MY third marriage ended because I felt so guilty taking time from us to play, that my wife said to me, "I can't let you do this to yourself any more. I am leaving you, so that you can play music without feeling guilty." I was so depressed, I nearly committed suicide, and had figured out how to do it, but couldn't get a substitute to play a job I had scheduled (and for which people had paid money for tickets), and couldn't figure out how to be sure someone would find my dog before she suffered. So, instead of hanging myself in the basement, I put on my tux, and went and played the job. Fortunately, during that performance, I had a request from someone to play in a pit orchestra for a show the following week. One job led to another, and now, seven years later, I am probably as happy, overall, as I have ever been in my life.
There is still one individual whom I love more than any others, but I know that I cannot commit to a person; I am already committed to music. There are others for whom I feel deeply - is that love? I think it is.
Topic what are you drinking?
28 Dec 2014 17:56
The last of a bottle of Sophia Blanc de Blancs 2012 , by Francis Coppola Winery, which I opened yesterday. (Yes, I have one of those spring-loaded capper thingys, that keeps the bubbly from going flat.)
Topic Couple of semi-random thoughts
14 Nov 2014 10:19
I know this sounds counter-intuitive, but I believe we would not have made the Vietnam mistake again, had there still been a draft. There was such public outrage over that effed-up war, that Iraq, Iran, Afghanistan, Syria and all that crap would be completely off the table. We all know the only reasons for our military involvement in the Middle East are economic - mostly driven by the large oil companies, with a great deal of help from such as Raytheon, Boeing, Halliburton, and a gazillion other companies dependent on war as their main source of profits.
Topic Couple of semi-random thoughts
13 Nov 2014 19:05
I wrote this down a few months ago - Lord knows what I was up to, but these things sorta just popped into my head. I was cleaning out some "dead" files in my 'puter today, and came across them. They seem like the kind of things we often discuss here on Lush, so I'm tossing them out for everyone to leap on. (or not, maybe they aren't interesting at all - only to ME) LOL
For as long as I can remember I have wished that I had a vagina and a clitoris, and breasts. But I like having a cock, too. I like being male. I know that seems strange, but I think it is probably really fairly common, and is the basis for all futa stories, whether written by women or by men; by heterosexuals, homosexuals (that word seems so one-sided. Can one say femosexuals?) well - gays, transsexuals, or bisexuals of any sort.
If I were Magical King of the World, everyone would spend two years as the mature opposite of their birth sex, before they could be truly considered to be adults. After the two years were up, they'd be allowed to choose which sex they'd like to be. If they desired, they could also choose to be both. People would also be able to decide if and when they wanted to get pregnant. That way, anyone who wanted to, could have the experience of pregnancy and childbirth, and anyone who didn't want to would not have to.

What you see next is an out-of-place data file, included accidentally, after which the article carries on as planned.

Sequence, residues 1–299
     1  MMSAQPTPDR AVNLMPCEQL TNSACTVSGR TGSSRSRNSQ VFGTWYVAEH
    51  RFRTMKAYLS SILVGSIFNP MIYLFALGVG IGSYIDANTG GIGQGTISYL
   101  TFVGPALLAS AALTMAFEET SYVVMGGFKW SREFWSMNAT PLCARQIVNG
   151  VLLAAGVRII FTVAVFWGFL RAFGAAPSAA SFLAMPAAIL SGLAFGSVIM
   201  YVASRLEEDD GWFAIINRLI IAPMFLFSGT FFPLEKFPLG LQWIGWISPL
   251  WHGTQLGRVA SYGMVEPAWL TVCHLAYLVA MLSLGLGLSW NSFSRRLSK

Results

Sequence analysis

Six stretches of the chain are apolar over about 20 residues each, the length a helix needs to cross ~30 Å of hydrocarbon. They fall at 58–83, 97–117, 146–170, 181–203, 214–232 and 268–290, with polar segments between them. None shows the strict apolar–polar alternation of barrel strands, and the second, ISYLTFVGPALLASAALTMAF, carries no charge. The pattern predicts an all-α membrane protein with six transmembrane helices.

During that two year period, they would also be working in the service of their country. They need not be members of the military; all countries have far more civilian jobs than military. But I think it is important for everyone to give something back to his or her country. Also, during that period, they would not have the right to vote, or to participate in the selection of who runs their government. I believe voting is both a right and a privilege; one that must be earned. I also believe people should work under their existing regime before they should have the right to change it.
Topic The Gun Control Debate Thread.
30 Oct 2014 15:11
It isn't just our gun laws that are insane. Our entire foreign and domestic policies are insane. We are the most dangerous entity on the face of the earth. Attila The Hun, Genghis Kahn, Queen Isabella (think Spanish Inquisition), the Borgias, la Cosa Nostra and possibly even Josef Stalin have nothing on us for violence, killing, torture, and general worldwide mayhem; nor do they for the egregious act8ions taken against our own populace.
Topic Erotica Readership Survey (please take!)
11 Aug 2014 22:11
Just took the survey. Was stumped at the favorite author question though, because I seem to be fickle. I suppose it all depends on what I am in the mood to read at any given time.
Topic Tact & Diplomacy
23 May 2014 17:51
A young Army officer was severely wounded by a blast from a grenade. The the only visible, permanent injury was that both of his ears were amputated, although his hearing was unaffected. Since this didn't affect his ability to function, he remained in the Army.
Many years later he eventually rose to the rank of Major General. He was, however, very sensitive about his appearance. One day he was interviewing three servicemen who were candidates for his headquarters staff.
The first was a Captain, a tactical helicopter pilot, and it was a great interview. At the end of the interview the General asked him, 'Do you notice anything different about me?'